Mollies like warm water, but not as warm as some other tropical fish. Anything between 72°F and 80°F is perfect for them to thrive. Just keep in mind that the higher end of this spectrum might trigger breeding behaviors, but more on that later.
Also, they prefer slightly alkaline water, which is quite typical of most fish that live in brackish environments. Make sure you know how to raise the pH in the aquarium if you keep them, but don’t go overboard! Too alkaline is also not good.
It’s important to keep in mind that, even though mollies are rather hardy, they can still get sick or even die if the water parameters change too much too quickly. This is why you should always keep a testing kit nearby.
|Water temperature:||Between 72°F and 80°F|
|pH levels:||6.7 – 8.5|
|Water hardness:||15 – 30 dGH|
All fish produce waste, and too much waste in your tank will raise nitrite and ammonia levels, which is toxic for all fish. As such, no matter how easy maintenance mollies are, they still need a good filter.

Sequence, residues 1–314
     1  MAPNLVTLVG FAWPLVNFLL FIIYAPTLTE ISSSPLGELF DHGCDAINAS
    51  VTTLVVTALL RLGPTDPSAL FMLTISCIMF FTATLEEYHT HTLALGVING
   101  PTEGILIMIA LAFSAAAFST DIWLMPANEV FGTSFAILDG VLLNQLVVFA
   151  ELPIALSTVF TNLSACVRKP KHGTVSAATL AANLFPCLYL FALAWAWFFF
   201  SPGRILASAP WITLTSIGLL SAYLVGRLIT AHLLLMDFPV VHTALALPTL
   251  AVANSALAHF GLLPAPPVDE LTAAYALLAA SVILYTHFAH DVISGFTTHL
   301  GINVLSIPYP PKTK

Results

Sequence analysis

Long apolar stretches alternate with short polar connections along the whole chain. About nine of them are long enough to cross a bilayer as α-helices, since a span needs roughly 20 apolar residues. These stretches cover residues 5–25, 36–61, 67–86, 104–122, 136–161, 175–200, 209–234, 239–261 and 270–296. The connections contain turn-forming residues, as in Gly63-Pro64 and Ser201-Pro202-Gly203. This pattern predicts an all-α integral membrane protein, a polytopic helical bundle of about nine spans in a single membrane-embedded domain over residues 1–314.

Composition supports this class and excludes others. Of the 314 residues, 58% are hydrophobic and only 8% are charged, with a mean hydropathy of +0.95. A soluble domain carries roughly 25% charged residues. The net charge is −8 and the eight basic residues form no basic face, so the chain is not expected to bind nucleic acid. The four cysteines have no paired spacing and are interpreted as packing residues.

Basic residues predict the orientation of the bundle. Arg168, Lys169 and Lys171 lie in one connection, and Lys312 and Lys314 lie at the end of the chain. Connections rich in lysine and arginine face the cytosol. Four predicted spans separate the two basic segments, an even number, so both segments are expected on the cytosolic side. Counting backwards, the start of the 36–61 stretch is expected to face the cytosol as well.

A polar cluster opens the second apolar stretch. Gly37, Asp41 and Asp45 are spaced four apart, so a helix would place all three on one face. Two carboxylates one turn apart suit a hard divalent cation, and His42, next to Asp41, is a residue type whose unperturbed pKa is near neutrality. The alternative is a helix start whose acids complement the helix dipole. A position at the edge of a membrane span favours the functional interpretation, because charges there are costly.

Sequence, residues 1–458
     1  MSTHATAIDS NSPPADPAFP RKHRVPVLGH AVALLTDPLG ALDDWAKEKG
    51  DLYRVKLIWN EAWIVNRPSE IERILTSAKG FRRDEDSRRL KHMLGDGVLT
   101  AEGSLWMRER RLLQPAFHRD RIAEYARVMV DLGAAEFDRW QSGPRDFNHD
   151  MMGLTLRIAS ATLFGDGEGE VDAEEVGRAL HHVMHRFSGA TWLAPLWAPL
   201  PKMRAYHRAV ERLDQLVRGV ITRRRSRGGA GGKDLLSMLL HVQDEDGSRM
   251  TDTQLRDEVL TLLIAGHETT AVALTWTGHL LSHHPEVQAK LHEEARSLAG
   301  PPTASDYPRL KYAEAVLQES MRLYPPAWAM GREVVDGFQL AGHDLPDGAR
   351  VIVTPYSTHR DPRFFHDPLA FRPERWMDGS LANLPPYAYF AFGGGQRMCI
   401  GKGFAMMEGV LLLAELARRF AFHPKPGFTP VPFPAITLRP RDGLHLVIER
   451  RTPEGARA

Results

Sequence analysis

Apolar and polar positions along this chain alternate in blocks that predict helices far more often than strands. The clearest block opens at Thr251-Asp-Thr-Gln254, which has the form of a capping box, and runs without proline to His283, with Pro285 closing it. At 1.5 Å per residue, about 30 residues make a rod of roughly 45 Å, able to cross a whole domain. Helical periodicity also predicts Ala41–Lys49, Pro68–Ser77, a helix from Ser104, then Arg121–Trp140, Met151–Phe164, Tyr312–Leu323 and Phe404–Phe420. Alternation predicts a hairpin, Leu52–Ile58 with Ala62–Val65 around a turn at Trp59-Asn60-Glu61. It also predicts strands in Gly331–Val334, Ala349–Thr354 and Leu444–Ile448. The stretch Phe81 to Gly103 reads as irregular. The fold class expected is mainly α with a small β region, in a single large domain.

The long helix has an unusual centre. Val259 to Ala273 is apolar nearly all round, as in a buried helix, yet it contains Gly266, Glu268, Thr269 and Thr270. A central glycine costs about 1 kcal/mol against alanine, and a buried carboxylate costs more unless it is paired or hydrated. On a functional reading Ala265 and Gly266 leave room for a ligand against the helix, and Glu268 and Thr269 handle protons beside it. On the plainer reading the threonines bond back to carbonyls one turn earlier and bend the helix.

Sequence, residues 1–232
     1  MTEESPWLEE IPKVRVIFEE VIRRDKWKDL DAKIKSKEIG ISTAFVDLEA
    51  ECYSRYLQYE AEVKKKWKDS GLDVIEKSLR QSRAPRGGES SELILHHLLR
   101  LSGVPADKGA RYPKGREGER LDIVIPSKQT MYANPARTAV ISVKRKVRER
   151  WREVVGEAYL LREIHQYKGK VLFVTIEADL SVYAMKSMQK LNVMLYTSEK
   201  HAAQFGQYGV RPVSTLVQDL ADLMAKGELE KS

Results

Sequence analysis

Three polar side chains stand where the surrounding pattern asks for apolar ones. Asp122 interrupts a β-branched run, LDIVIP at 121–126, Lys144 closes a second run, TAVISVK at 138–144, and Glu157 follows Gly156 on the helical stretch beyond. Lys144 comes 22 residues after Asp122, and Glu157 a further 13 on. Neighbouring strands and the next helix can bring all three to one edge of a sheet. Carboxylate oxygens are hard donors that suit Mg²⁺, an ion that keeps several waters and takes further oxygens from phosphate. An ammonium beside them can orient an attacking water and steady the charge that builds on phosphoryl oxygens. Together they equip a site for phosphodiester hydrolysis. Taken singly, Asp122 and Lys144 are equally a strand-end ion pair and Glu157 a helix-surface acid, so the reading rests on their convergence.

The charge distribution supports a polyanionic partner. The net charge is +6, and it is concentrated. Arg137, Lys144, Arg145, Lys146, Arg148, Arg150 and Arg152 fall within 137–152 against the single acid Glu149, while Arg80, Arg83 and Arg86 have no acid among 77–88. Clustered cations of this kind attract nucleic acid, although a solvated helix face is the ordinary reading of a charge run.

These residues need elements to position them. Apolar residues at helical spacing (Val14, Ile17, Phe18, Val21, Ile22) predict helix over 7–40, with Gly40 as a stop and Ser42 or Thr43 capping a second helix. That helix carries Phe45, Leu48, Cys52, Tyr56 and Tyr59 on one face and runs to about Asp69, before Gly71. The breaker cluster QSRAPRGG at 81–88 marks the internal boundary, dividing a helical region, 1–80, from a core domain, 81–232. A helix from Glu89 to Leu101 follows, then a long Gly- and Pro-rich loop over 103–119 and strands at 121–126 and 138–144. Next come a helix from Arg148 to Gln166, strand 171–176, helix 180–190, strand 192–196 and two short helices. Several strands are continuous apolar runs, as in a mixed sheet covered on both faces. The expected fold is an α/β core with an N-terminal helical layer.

In fact, as they live in large groups, a filter is of utmost importance. Without it, nitrite and ammonia levels will spike in no time.
It doesn’t really matter what type of filter you use for your molly fish, as long as it works. From sponge filters to canister filters, all have their own advantages. The choice is yours.
The problem might arise only if you keep fry. Baby fish are very small and they can get sucked into most filters. For them, having a sponge filter is the safest choice.